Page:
The Orb Pick 10 Tracks That Inspired Their New Album

The legendary Alex Paterson digs through the eclectic tracks that helped inspire The Orb’s impressive 18th studio album, Abolition Of The Royal Familia.

The many members of The Orb’s loose collective have been fluid over the years, with Alex Paterson remaining the only constant throughout. A West Norwood resident, and punk and acid house veteran, Paterson’s career in music started in the early 1980s as a roadie for Killing Joke, for whom his childhood friend, Martin ‘Youth’ Glover, played bass.

After leaving the Killing Joke crew in ‘86, Paterson met future KLF member Jimmy Cauty, and the duo began DJing together as The Orb. Eventually, the pair launched a residency in the chill-out room of legendary London club night The Land of Oz, where they forged a sonic-tapestry style of DJing, encompassing a wide and esoteric range of sounds, mixed into a cerebral melange aimed as an alternative to main room dancefloor energy.

In 1988, Patterson and Youth put together the acid house/Balearic label called WAU! Mr. Modo Records, and by 1990 the friends had released the bonafide classic “Little Fluffy Clouds,” which borrowed a sample from Steve Reich’s Electric Counterpoint, and transported it to another dimension.

Since then The Orb have released 17 studio albums and countless EPs, singles, compilations, live recordings, remixes, and dubs. Their huge influence on today’s electronic music landscape cannot be understated. 

Their latest album, Abolition Of The Royal Familia — out March 27th on Cooking Vinyl — is being hailed as a return to the inspirational ideas and characteristics of their seminal debut LP Adventures Beyond The Ultraworld.

Selected by Paterson, the chart below highlights some of the sounds that influenced the new record, which is also loosely linked in the same thread of styles and textures that runs throughout The Orb’s long and illustrious history.

ACTRESS – Paint, Straw & Bubbles [Honest Jon’s Records]

Music from the future — dense and sparse. This a dark howler from the master of the palace. Beautifully heavy with no prisoners. The title says it all too. I like bubbles in music, The Orb loves this.

Mr. Fingers – Beyond The Clouds [Trax Records]

Classic tune from the forgotten godfather of house music. They just don’t make them like this anymore. To recreate this isn’t what we were looking for, it’s in the arrangement and the dance floor. 

Cerrone – Supernature [Atlantic Records]

Made in the ‘70s , still played in the ‘20s. That song has been sampled (we didn’t) and played in the funkiest surroundings on planet earth. We saw the emptiness and tried to recreate those dimensional frequencies in the 5th elementary school of funk.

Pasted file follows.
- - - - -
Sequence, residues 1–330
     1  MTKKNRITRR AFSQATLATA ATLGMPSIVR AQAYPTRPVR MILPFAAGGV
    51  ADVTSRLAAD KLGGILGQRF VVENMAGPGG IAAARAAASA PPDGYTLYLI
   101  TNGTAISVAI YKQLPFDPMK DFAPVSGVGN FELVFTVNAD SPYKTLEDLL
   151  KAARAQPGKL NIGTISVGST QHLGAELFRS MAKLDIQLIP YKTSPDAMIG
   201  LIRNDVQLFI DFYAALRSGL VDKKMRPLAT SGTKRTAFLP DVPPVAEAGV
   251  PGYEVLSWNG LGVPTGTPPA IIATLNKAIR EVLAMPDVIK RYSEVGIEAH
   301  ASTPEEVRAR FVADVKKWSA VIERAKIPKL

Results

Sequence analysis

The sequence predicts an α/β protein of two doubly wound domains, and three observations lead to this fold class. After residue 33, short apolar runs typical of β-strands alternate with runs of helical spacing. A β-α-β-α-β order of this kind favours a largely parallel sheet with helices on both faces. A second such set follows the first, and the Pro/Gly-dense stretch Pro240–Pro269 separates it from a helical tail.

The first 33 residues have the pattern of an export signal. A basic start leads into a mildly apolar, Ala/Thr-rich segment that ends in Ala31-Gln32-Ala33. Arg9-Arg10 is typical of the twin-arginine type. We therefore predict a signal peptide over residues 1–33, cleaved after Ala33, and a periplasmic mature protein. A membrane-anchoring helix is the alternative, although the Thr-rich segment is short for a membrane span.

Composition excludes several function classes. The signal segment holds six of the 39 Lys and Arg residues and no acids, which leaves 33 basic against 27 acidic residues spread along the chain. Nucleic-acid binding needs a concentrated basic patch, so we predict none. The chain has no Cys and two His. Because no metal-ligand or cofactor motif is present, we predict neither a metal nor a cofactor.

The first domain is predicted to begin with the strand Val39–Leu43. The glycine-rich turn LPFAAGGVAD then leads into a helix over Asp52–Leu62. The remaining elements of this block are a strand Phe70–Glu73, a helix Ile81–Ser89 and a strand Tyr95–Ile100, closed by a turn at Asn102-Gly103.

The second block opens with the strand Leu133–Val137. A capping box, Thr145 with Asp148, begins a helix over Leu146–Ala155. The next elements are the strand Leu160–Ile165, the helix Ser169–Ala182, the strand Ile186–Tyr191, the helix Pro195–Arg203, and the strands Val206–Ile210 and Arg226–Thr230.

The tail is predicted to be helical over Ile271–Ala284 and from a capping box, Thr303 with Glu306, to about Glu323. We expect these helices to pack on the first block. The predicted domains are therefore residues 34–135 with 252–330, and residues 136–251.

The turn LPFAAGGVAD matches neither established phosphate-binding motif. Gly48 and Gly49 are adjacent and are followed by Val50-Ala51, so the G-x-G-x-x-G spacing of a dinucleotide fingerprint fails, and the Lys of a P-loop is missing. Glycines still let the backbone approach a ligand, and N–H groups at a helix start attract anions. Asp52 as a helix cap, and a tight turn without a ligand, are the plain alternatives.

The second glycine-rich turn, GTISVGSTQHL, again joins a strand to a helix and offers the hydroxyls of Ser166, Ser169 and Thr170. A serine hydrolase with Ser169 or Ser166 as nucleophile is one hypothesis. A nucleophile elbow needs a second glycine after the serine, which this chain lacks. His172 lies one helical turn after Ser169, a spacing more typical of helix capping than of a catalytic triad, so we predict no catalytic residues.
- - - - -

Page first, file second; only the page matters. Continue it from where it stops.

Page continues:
Brian Eno – An Ending [Primal Recordings]

Seriously chill-pill music, it’s on the Apollo album featuring Daniel Lanois and Roger Eno. It’s the space between tracks that make it a pure A1 tune — been listening to this forever and there’s different versions on Music For Films, which never came out in the UK. Probably never see the light of day on here either. Try record shops, they even smell nice & sleazy.

J Dilla (feat. D’angelo & Common)  – So Far to Go [Rapster Records]

J Dilla wrote as if a conduit to the almighty and the masses. How can anybody not be influenced by J Dilla? Andy Caine sings like a minimal Common vocal on the track “House of Narcotics.” J Dilla can also send shivers down your back on this wonderful piece of Muzik .

Super T. – Westbound D Train [Wackies]

Westbound dub chemist, you taking the westbound D train to Zion me lion? Dubbed up and you’re transported to the blue mountains of Jamaica; the real old dub sounds of late-night blues and dancehall sessions, like Gaudi in full affection on say cheese, which was based on the Jamaican dub sound. Where’s Eric Von SKYWALKER? 

Basic Channel – Q1.1 [Basic Channel]

This is all about the sound in the spaces. It’s a gem of a record and it can lead you to the Basic Channel catalogue. Then there’s Main Street Recordings, where you might find Andy Caine singing “I’m your brother,” Andy Caine in the singer on Daze.

Joy Division – Atmosphere [Warner Bros. Records]

Martin Hannett produced this wonderful track from a band I love so much. A+ pop song at its darkest yet so melancholy. Walking on air, a beautifully controlled bass line that’s sexy and warm. Distant guitars so soft. As I said before, I love this tune.

Leandro Fresco – Buenos Amigos [Kompakt]

Leandro has been releasing music on the pop ambient label on Kompakt. This is a beautiful piece that should be played as post-birth music — it’s so soft even a baby could sleep to it. Think of a timeless planet in the mists of times not known. This is it. 

Cloud One – Atmosphere Strut (Part 1 & 2) [P&P Records]

Straight out of the era of 98.7FM, 92KTU and Solar I, pure hypnotic disco with the drifting blissed-out feel that rocks our boat in The Orb’s sphere. Underground disco at its best and funkiest. “we’re gonna fly!” they sing — blimey you can! Long live the early ‘80s.



Copy link